+1. It solves a legitimate problem, something that the only non-fragile way to accomplish today is with unsafeBitCast (using hashValue is fragile in that hashValue is not defined as returning the pointer as an integer). Personally, I've wanted to convert pointers into integers so I could format them differently than the default formatting of UnsafePointer (usually so I can skip the leading zeroes), but there's other uses cases too.

Prior to reading the proposal I would have expected this to be solved by adding an .intValue or .uintValue property to UnsafePointer/UnsafeMutablePointer, but I think Int(bitPatern:) and UInt(bitPattern:) is actually a more elegant solution.

  * Is the problem being addressed significant enough to warrant a change to Swift?

Yes. It's rather unfortunate to have to resort to unsafeBitCast() simply to convert a pointer into an integer.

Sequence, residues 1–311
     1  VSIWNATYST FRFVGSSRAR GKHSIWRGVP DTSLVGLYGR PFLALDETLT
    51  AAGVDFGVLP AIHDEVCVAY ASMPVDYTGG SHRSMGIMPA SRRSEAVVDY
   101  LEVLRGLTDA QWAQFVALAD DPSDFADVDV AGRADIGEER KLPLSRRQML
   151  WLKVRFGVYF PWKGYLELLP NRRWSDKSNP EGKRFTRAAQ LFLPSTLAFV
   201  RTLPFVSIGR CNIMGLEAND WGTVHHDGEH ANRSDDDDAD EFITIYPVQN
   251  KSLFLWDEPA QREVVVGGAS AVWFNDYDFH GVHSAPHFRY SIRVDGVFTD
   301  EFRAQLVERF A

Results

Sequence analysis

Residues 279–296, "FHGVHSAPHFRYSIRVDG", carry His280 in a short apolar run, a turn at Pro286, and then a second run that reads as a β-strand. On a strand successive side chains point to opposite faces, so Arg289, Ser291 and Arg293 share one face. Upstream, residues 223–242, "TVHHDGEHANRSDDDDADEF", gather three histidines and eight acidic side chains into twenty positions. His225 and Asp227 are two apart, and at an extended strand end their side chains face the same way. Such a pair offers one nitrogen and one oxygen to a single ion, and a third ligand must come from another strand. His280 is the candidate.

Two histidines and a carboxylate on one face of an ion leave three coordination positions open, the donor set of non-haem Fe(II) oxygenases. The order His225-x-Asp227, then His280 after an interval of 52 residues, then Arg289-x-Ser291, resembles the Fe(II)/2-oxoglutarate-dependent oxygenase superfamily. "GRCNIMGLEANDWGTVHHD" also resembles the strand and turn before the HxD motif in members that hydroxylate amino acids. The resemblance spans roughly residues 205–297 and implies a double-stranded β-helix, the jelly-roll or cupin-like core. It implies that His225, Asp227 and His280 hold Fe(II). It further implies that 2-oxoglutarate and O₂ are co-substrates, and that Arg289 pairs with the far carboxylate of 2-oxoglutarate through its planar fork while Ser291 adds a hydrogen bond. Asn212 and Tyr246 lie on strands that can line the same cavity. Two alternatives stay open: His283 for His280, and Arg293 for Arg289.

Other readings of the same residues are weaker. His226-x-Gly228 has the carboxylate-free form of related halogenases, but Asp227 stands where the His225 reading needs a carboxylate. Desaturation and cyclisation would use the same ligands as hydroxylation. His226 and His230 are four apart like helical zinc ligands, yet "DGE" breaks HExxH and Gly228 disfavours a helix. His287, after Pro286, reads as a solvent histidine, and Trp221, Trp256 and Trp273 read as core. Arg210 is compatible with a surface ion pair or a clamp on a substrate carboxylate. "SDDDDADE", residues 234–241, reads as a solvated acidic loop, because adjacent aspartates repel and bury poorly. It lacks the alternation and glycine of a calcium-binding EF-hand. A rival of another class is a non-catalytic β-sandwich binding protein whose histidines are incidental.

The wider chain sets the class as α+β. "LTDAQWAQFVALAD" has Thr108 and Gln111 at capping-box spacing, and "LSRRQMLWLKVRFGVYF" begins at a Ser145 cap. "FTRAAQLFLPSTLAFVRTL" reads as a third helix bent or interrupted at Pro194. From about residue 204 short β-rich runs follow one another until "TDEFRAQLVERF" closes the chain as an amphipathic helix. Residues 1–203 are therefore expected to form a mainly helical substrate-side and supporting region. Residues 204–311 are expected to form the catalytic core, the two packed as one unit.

* Does this proposal fit well with the feel and direction of Swift?

Yes. Using initializers for type conversions is idiomatic, and the "bitPattern:" label makes sense and has precedent.

  * If you have you used other languages or libraries with a similar feature, how do you feel that this proposal compares to those?

Other languages typically use whatever built-in type casting functionality there is. If we were to follow suite, that would actually suggest enabling `somePtr as UInt` for doing the conversion, but Swift doesn't use `as` for doing this kind of type conversion so the initializer approach is the most sensible.

  * How much effort did you put into your review? A glance, a quick reading, or an in-depth study?

A quick reading.

-Kevin Ballard

···